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There are many different types of Gravel bikes, and one of the biggest debates involves their geometry. Gravel bikes have different wheelbases and head tubes, and their bottom brackets are lower. Below, we discuss some of the things to consider when selecting a gravel bike. These differences may help you to make the right choice.
Gravel bikes are lighter and faster than mountain bikes
Gravel bikes are made for riding on rough surfaces and tend to be lighter than mountain bikes. They are ideal for commuting and exploring the countryside. However, if you plan on spending a lot of time on off-road trails, mountain bikes are the best choice.
Gravel bikes have different frame geometry than mountain bikes. They have a steeper headtube angle and a lower bottom bracket angle. These characteristics help a gravel bike be faster and more stable on rough terrain. This makes them easier to ride on gravel than mountain bikes, which are built for smooth surfaces. They are also lighter and easier to maneuver, making them better for long rides on gravel.
Gravel bikes are also more aerodynamic than mountain bikes. While mountain bikes are more aerodynamic and more capable in most terrain, they are less efficient pedallers and can be cumbersome for some riders. A hardtail mountain bike can be a more suitable option for most terrain.
They have a longer wheelbase
Gravel bikes have longer wheelbases than road bikes, which allow riders to use wider tyres. They also often come with slacker head tube angles, which make for rowdier rides. This is a feature familiar to mountain bikers, and can significantly affect a ride.
Gravel bikes also have a wider base for comfort, and longer wheelbases make them more stable on uneven terrain. Gravel bikes typically have a longer wheelbase because of the slacker head tube angle, which pushes the front wheel further out from the bottom bracket. However, while this will give you more stability when cornering, it will also sacrifice straight-line speed and aerodynamics.
Gravel bikes can also come with front suspension, allowing you to control the front end of the bike when you’re descending. The longer wheelbase also allows riders to ride with more confidence. Gravel bikes also have more flared handlebars and dropper seat posts, which are useful for riding in rough terrain.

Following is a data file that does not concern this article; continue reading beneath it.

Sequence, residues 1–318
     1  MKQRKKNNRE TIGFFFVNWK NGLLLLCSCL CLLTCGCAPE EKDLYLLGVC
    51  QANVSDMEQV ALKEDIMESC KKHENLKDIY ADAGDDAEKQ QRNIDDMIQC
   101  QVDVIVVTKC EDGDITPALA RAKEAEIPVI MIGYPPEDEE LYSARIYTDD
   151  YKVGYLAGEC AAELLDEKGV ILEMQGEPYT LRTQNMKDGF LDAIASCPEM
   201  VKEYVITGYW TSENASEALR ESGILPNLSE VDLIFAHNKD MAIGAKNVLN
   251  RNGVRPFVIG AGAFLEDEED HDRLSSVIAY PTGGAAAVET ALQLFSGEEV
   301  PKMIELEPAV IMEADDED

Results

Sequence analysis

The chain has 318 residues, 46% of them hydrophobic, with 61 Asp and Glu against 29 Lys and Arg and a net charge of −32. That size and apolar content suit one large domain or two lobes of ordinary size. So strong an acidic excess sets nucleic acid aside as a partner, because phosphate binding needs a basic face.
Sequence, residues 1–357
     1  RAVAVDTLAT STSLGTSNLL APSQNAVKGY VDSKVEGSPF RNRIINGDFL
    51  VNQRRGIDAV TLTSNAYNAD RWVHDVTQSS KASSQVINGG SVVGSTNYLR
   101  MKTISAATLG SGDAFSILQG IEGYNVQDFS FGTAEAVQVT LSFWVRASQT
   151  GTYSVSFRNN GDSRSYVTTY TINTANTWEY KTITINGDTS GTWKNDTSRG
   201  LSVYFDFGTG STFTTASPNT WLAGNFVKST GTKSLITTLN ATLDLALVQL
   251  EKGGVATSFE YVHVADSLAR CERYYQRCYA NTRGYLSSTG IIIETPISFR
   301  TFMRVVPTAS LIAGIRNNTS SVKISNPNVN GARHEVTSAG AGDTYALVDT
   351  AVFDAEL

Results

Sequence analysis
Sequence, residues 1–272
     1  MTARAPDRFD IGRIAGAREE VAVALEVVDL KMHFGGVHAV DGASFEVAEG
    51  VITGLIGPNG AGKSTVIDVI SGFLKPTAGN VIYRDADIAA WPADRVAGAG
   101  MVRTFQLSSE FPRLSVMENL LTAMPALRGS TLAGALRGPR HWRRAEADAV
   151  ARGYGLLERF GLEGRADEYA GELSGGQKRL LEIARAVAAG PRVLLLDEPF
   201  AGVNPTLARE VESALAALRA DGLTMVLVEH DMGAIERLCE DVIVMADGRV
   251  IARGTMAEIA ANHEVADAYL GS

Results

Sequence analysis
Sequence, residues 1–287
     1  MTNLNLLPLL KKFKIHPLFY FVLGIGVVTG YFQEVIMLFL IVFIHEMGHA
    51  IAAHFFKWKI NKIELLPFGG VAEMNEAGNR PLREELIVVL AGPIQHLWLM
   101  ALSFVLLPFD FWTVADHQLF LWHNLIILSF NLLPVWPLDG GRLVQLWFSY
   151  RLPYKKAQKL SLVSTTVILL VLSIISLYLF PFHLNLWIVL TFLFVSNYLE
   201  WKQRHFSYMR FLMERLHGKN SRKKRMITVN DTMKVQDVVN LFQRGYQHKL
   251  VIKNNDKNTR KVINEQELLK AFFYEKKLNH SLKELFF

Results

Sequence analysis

They have a slacker head tube angle
The head tube angle of a mountain bike will determine where the front wheel sits on the bike. This angle is important as it can affect stability. A slacker head tube angle is more stable and will improve your stability on bumpy and technical terrain. Gravel bikes generally have a slacker head tube angle than mountain bikes, but they can also have steeper angles to accommodate racers.
Gravel bikes have a longer wheelbase, a lower bottom bracket, and a slacker head tube angle than road bikes. This gives them an advantage over their road counterparts and makes them more stable and easier to ride for longer periods of time. Gravel bikes also often feature gravel-specific components such as wider handlebars for better control and disc brakes instead of rim brakes for better braking performance in wet conditions.
Gravel bikes are generally designed for rough terrain, but this does not mean that you can’t ride them on smoother surfaces. The geometry of a gravel bike will vary based on its size, but a smaller model will usually have a slacker head tube than a larger model. In addition, some brands of gravel bikes will use 650b wheels instead of 700c wheels to minimize toe overlap.
They have a lower bottom bracket
Gravel bikes have a lower bottom-bracket than road bikes because of the lower center of gravity. Choosing the right size stem for gravel riding will affect how the bike handles and how the weight is distributed. A shorter stem will place more weight on the rear wheel. Choosing the right stem for gravel riding will also depend on fit and comfort.
Most gravel bikes use a threaded-together bottom bracket, such as the PF30 or BB386EVO, but some custom manufacturers still use the traditional 68mm English thread. While the thread-together design adds a few grams, it eliminates misalignment and creaking issues. Some bike manufacturers even offer one-piece bottom brackets.
Gravel bikes can be used for both road and gravel riding. A gravel bike has a lower bottom bracket, which helps it to be more stable on bumpy terrain. It can also use a mountain bike-style tire, which is better for riding through mud and bushwhacking.
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